Are You Kidding? Alas, Scientists Rarely Are

By Shlomo  Maital

science humor

   A friend drew my attention to an article in Chronicles of Higher Education, by Tom Bartlett,  Sept. 29, about the utter lack of humor in scientific research proposals, and in general, among scientists.  (An exception is the late Nobel physicist, Richard Feynman, whose book was titled, Mr. Feynman, You Must Be Joking!).    Bartlett asked the editor of the leading economics journal, American Economic Review, whether  “she could think of any joke, any tiny moment of amusement, one solitary witticism that has passed across her desk. Anything, even if it was rejected.”   “I can’t think of a single thing,”  replied Prof. Goldberg, confirming economics’ nickname as the ‘dismal science’.

   Why is this a problem? Why shouldn’t science be utterly serious?  Isn’t humor frivolous?   The answer is no.  Research on creativity shows that among people seeking ideas,  humor, and in general a light, playful attitude,  are powerful contributors to an ambience that generates great ideas.  Show me a stiff, and I’ll show you someone without ideas, in all likelihood.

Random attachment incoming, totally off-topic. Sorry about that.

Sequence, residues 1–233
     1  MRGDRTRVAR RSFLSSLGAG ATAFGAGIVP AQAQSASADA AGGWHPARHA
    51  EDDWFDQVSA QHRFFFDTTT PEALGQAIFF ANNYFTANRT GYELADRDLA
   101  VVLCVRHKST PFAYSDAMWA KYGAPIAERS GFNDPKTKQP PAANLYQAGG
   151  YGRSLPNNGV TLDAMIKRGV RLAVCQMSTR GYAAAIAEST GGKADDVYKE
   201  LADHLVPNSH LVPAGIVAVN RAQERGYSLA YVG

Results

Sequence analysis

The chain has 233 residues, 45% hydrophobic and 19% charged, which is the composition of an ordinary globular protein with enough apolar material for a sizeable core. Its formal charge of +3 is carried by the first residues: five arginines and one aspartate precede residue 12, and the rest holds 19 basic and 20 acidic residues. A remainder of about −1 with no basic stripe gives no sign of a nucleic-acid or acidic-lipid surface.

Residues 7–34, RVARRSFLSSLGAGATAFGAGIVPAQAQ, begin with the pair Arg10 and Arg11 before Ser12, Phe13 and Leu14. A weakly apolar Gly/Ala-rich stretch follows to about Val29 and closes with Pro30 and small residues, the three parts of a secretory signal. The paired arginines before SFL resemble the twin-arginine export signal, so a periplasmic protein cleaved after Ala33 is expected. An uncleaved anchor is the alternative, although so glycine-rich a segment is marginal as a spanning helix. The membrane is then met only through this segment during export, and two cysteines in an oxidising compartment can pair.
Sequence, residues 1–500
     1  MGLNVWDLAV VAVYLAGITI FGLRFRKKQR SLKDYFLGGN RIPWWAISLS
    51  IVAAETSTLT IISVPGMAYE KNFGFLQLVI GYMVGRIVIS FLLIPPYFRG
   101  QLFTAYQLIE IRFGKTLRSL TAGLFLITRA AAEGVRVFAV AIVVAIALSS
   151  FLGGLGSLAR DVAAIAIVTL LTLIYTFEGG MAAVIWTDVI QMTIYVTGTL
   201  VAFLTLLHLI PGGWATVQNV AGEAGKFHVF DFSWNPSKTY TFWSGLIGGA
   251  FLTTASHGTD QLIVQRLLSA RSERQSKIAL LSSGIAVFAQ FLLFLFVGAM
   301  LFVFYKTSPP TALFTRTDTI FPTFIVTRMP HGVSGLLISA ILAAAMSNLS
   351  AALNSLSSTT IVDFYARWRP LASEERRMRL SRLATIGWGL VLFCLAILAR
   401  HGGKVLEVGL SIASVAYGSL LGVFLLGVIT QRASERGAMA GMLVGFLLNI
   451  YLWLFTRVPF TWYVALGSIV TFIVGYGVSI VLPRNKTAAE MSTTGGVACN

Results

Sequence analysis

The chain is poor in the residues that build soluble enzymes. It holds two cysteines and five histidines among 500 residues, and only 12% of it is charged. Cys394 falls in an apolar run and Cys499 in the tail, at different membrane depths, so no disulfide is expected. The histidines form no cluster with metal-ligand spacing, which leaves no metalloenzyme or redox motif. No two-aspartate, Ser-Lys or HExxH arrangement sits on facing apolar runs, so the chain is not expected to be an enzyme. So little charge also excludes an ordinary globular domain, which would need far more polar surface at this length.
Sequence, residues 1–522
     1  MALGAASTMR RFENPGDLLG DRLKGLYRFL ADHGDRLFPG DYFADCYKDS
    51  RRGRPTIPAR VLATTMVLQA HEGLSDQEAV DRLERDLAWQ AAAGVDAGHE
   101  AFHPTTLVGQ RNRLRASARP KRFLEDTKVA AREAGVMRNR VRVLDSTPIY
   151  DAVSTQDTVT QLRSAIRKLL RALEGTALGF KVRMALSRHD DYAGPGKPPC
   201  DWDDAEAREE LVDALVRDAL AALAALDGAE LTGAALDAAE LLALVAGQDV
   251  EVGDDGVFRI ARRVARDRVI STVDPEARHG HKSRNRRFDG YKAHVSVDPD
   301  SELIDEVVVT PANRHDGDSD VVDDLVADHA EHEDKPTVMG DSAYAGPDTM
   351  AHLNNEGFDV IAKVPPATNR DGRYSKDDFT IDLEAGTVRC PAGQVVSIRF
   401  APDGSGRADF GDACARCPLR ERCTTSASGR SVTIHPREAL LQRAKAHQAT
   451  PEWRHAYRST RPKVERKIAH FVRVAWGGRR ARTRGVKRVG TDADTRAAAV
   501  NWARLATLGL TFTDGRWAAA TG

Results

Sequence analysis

Bartlett provides an example. 

    “Stephen Heard once wrote a paper about how pollen spreads among the flowers of a certain endangered plant. In it he speculated that the wind might play a role by shaking loose the pollen. To support his point, he cited “Hall et al., 1957″—a reference to the songwriters of the Jerry Lee Lewis hit “Whole Lotta Shakin’ Goin’ On.” But a reviewer nixed Heard’s little joke. “Although I appreciated the levity of the reference,” he wrote, “I think it is not appropriate for a scientific publication.”   

   That reviewer reminds us of the two old grumps in The Muppets, whose total lack of humor was in itself hilarious.    I myself encountered this, in submitting research papers; anything in my writing style that sought to be interesting, journalistic, was instantly shot down, like a shoulder-guided missile homing in on a helicopter. 

    Hey, reviewers!   Lighten up!   Loosen up!  We need new thinking, new ideas.   Absence of humor often means absence of open-ness to anything unusual or weird.   Even Einstein told jokes (bad ones – see above).